Enabling auto updates has practically become the norm on every operating system, whether it be Windows, macOS, iOS, Linux, etc. Enabling auto updates allows your device to update all the software installed automatically in the background without you being worried about downloading the latest software versions. Similarly, if you want to have this feature on your Mac, you can simply enable automatic macOS System updates. Doing this will automatically allow your Mac to automatically download and install both macOS system updates and app updates onto your Mac.
Points of note
Most of us already have auto updates enabled on our smartphones. In rare cases apps may crash after updates, but usually they all work fine. However, it’s not exactly the same on a Mac. Most people will have several applications open at any time on their Mac and automatic background updates can sometimes disturb the proper functioning of these apps. Because of this you’ll mostly be required to close an app you may be using before an update can be installed.
Similarly, there’s a chance an automatic update might not be compatible with your system or may cause the app to start crashing. As a precaution, it’s best for you to make regular backups of your Mac (using Time Machine) in case you need to revert to a previous version of your system.
With all that being said, simply follow the steps detailed below to enable automatic updates for your Mac:
How to enable auto update for macOS
1. Open System Preferences on your Mac. You can do this from either the Dock or by clicking on the menu in the top-left menu and selecting “System Preferences.”
2. Select “Software Update.”
3. Enable the option “Automatically keep my Mac up to date” to enable auto updates for your macOS.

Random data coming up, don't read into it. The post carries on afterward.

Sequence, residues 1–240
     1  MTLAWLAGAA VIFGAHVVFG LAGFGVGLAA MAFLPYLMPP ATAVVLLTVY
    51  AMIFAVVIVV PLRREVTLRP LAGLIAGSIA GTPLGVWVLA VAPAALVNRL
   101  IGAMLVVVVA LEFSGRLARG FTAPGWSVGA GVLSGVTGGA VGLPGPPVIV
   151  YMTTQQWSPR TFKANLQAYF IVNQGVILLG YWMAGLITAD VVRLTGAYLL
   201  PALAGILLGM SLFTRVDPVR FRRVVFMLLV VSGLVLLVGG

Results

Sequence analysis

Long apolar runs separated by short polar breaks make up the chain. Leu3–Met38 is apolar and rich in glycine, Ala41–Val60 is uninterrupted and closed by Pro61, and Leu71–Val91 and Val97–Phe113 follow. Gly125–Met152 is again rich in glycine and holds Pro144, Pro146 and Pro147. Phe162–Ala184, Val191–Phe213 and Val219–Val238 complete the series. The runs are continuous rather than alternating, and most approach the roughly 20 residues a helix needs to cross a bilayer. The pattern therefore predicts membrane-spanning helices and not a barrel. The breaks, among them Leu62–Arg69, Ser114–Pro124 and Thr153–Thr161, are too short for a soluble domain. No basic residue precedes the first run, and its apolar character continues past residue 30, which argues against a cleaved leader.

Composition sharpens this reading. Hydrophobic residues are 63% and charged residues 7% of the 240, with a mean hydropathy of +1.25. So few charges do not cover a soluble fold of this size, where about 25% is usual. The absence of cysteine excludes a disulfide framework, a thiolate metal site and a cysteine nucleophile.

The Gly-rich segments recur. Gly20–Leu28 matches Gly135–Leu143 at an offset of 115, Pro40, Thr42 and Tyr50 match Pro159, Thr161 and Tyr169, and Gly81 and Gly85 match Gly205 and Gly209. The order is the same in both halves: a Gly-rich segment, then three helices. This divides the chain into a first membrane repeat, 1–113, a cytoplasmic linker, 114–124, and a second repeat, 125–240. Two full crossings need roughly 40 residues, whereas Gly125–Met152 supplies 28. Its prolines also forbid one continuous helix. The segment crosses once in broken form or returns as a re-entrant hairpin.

If you click on “Advanced,” you’ll get a bunch of options on what kind of auto updates you want enabled. All options are briefly explained below.
Download available updates in the background – This is already enabled by default on Mac, as macOS automatically downloads all updates in the background and lets you know when they’re available to install. If you disable this option, you’ll simply be notified that updates are available. Just make sure you don’t use cellular data with this option enabled, as your Mac will download any and every update available, which might result in a very hefty phone bill.
Install app updates and Install macOS updates – Enabling this option will allow your Mac to not only download all available updates but also install them automatically. This option isn’t enabled by default.
Install system data files and security updates – This option is enabled by default. It allows critical security updates to be installed on your Mac as a priority as soon as they’re available – so it’s a good option to have it enabled.
Do remember that you’ll need your admin password if you want to enable/disable any of the above listed options. You can also choose to delay OS updates. Additionally, OS updates can also be installed by macOS late at night when you aren’t using the machine. An option pops up in a notification to install updates when you are working, but you can snooze that and have the updates installed at night.
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